An observational study of salt fluxes in Delaware Bay

María F. Aristizábal, Robert J. Chant

Research output: Contribution to journalArticlepeer-review

6 Scopus citations


An observational study was conducted in Delaware Bay during the summer of 2011 aiming to quantify the different mechanisms driving the salt flux in this system. Seven moorings, equipped with bottom-mounted ADCPs and CT sensors at difference depths, were deployed across a section of the estuary. The total area-averaged and tidal-averaged salt flux was decomposed in three different contributions: the advective salt flux that represents the flux caused by river input and meteorological-induced flows, the steady shear dispersion that is the salt flux driven by the estuarine exchange flow, and the tidal oscillatory salt flux that is induced by the tidal currents. The advective salt flux dominated over the steady shear dispersion and tidal oscillatory salt flux, because it was driven mainly by changes in sea surface height associated with wind-driven setup and setdown. The steady shear dispersion was always positive and presented a spring/neap variability that was consistent with a two-layer exchange flow. On the other hand, the tidal oscillatory salt flux fluctuated between positive and negative values, but increased around a strong neap tide and decreased on the following spring tide. This variability is contrary to previous parameterizations, whereby the tidal salt flux is proportional to the amplitude of the tidal currents. The observational estimate was compared to a parameterization that relates tidal salt flux as proportional to tidal current amplitude and stratification. The observational estimate agreed with this new parameterization when the river discharge was relatively constant. Key Points: The tidal salt flux was enhanced during a neap tide This spring/neap variability is contrary to previous parameterizations The tidal salt flux agreed with a new parameterization involving stratification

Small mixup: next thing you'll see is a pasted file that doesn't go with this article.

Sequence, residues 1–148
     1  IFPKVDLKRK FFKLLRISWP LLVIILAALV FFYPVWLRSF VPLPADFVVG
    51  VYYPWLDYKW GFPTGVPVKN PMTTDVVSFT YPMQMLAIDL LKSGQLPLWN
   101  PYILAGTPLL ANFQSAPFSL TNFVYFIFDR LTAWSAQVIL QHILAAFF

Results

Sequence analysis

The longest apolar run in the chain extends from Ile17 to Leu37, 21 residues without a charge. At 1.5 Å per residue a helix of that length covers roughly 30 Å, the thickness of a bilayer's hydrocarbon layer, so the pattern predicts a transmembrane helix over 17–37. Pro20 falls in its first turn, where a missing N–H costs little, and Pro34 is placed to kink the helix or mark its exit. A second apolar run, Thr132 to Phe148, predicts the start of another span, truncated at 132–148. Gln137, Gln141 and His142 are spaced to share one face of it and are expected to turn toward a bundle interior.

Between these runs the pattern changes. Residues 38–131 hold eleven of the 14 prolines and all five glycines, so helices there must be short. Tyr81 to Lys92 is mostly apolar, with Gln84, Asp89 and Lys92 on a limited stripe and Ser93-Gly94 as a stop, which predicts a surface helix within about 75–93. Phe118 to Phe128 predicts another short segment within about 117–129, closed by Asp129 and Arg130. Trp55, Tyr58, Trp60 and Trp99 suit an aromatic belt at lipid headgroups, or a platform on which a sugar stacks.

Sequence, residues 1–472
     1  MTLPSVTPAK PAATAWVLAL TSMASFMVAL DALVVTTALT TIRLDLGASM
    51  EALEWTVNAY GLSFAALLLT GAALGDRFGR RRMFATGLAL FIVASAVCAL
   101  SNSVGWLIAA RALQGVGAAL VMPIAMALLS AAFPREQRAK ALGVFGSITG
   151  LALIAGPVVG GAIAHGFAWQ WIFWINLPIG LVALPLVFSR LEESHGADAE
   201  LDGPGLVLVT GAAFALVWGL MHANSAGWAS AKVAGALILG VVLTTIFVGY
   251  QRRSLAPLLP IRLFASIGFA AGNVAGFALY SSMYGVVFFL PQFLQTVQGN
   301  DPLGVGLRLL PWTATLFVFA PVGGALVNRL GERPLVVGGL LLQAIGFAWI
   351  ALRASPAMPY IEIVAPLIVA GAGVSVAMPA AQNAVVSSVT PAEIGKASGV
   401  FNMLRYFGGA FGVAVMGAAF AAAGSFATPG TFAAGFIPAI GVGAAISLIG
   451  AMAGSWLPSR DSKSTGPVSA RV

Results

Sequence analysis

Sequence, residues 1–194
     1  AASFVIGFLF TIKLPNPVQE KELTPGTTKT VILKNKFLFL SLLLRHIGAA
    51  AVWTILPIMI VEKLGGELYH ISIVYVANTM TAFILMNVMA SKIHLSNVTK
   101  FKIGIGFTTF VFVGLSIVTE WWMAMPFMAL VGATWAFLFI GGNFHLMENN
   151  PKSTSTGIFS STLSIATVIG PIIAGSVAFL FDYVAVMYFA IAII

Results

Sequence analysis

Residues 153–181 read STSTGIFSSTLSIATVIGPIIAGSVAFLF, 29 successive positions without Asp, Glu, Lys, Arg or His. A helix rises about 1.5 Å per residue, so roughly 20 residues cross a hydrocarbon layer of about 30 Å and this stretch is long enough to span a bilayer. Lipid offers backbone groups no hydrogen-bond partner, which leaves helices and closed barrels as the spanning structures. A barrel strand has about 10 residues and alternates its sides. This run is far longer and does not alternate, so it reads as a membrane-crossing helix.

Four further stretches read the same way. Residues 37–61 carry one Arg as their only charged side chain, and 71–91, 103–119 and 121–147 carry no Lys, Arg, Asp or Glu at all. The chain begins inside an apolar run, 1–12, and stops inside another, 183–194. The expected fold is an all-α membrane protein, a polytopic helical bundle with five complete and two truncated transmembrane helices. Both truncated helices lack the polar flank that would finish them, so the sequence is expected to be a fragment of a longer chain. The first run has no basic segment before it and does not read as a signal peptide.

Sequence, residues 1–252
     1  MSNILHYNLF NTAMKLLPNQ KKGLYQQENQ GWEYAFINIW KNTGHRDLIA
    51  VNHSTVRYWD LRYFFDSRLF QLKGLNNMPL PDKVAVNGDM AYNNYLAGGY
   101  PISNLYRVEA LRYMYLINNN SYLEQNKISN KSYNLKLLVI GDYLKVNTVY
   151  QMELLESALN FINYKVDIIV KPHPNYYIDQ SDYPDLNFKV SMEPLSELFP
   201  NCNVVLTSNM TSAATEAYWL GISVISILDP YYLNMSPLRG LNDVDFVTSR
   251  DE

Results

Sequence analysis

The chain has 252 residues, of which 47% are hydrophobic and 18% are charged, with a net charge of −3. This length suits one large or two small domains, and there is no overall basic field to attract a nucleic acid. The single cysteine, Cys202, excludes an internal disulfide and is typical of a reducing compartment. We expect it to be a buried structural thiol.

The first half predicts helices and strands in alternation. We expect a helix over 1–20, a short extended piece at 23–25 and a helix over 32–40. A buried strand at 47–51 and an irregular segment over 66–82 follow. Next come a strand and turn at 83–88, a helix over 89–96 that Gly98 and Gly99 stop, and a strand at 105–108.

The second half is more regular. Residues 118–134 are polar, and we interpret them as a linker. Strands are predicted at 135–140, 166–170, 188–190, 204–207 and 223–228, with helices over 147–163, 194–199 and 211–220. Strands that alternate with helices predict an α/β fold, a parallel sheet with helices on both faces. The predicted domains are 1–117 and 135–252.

Original languageEnglish (US)
Pages (from-to)2751-2768
Number of pages18
JournalJournal of Geophysical Research: Oceans
Issue number4
StatePublished - Apr 1 2015

All Science Journal Classification (ASJC) codes

  • Geophysics
  • Forestry
  • Oceanography
  • Aquatic Science
  • Ecology
  • Water Science and Technology
  • Soil Science
  • Geochemistry and Petrology
  • Earth-Surface Processes
  • Atmospheric Science
  • Earth and Planetary Sciences (miscellaneous)
  • Space and Planetary Science
  • Palaeontology


  • Delaware Bay
  • salt fluxes
  • tidal oscillatory salt flux

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